Windows open for smartcards

Windows open for smartcards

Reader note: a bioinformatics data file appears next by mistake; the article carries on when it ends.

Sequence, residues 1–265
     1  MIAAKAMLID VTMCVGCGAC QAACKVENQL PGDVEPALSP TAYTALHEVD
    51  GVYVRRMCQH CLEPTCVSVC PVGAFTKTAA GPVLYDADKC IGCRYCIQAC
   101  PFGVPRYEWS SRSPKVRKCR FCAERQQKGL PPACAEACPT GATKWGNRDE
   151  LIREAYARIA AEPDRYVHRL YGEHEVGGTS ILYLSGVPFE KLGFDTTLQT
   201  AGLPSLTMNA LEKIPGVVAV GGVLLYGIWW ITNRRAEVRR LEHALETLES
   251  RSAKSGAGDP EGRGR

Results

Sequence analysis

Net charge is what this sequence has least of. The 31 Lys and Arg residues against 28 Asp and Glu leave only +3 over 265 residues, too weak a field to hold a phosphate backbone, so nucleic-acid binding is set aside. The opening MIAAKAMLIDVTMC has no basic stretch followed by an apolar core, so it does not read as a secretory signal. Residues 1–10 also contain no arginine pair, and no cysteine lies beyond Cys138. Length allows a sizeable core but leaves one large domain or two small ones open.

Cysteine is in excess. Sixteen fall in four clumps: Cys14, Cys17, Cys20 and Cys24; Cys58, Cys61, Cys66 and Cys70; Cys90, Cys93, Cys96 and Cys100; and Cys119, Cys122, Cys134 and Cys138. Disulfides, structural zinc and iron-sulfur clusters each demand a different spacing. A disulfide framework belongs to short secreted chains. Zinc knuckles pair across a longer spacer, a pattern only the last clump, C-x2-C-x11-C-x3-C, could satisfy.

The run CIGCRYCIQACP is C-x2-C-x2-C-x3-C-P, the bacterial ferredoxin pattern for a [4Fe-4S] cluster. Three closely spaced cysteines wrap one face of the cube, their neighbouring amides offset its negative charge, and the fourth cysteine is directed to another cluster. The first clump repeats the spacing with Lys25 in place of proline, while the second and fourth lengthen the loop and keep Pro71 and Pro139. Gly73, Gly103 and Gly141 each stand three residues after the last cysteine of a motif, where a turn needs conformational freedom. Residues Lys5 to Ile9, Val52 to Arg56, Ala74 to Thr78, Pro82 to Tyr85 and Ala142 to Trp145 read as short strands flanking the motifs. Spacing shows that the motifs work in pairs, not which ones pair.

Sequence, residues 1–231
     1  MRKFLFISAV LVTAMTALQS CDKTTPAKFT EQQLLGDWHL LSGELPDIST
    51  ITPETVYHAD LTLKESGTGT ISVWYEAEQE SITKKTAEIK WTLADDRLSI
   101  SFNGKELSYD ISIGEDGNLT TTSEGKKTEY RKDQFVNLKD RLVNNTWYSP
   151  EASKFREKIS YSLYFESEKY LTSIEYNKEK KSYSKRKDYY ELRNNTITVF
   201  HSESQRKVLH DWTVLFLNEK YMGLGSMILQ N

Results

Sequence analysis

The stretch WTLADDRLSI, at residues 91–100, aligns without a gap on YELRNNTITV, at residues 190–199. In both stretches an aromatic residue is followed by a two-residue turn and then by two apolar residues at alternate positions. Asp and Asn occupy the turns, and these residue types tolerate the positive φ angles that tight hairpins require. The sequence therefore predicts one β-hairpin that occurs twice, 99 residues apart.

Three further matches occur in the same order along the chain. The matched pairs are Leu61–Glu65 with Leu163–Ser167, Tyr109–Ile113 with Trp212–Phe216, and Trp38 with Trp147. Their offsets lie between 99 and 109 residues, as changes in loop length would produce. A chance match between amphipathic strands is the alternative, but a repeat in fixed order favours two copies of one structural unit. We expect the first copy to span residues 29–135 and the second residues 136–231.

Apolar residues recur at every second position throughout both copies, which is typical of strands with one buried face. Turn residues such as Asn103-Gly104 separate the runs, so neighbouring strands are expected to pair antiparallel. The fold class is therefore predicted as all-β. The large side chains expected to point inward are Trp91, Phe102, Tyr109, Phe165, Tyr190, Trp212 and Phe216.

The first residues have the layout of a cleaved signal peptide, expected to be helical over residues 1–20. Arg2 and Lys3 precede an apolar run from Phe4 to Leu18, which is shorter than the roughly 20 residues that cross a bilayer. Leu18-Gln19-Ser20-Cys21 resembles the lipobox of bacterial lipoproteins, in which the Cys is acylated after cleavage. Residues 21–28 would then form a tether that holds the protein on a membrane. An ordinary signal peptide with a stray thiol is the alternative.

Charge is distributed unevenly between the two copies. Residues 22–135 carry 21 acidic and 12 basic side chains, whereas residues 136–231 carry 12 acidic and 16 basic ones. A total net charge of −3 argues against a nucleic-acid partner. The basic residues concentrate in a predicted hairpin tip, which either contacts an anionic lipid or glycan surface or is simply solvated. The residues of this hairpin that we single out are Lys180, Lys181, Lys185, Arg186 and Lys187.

Tom Foremski Microsoft has released a test version of its Windows operating system tailored to smartcards. Philippe Goetschel, Micro-soft’s director of Smart Card for Windows, said the company’s entry into the smartcard industry is “meeting and even exceeding” its expectations. “One of the key drivers of next-generation smartcards is the fact that they are increasingly becoming an extension of the traditional Windows environment,” said Goetschel. The preview release of the operating system was announced at the CardTech/ SecurTech (CTST) conference held in Chicago. Microsoft’s interest could galvanise US support for smartcard applications where deployment lags behind Europe and Asia. Companies launching pilot programmes based on multi-function smartcards and Microsoft’s software include US financial services giant Merrill Lynch, with industry support coming from Atmel. Sun Microsystems, in turn, claimed widespread support for its Java Card technology which is competing with Microsoft’s software. Sun says that its Java Card software is smaller than other solutions, and its cross-platform capabilities enable it to run on a range of hardware. Java Card licensees have already shipped more than one million Java-enabled cards in the last quarter alone, and Sun has 30 licensees. Atmel and Polaroid demonstrated a biometric smartcard application. A smartcard with a photo ID stores a digitised version of the user’s fingerprint. A Polaroid fingerprint scanner is then used to confirm the print matches that in the card.


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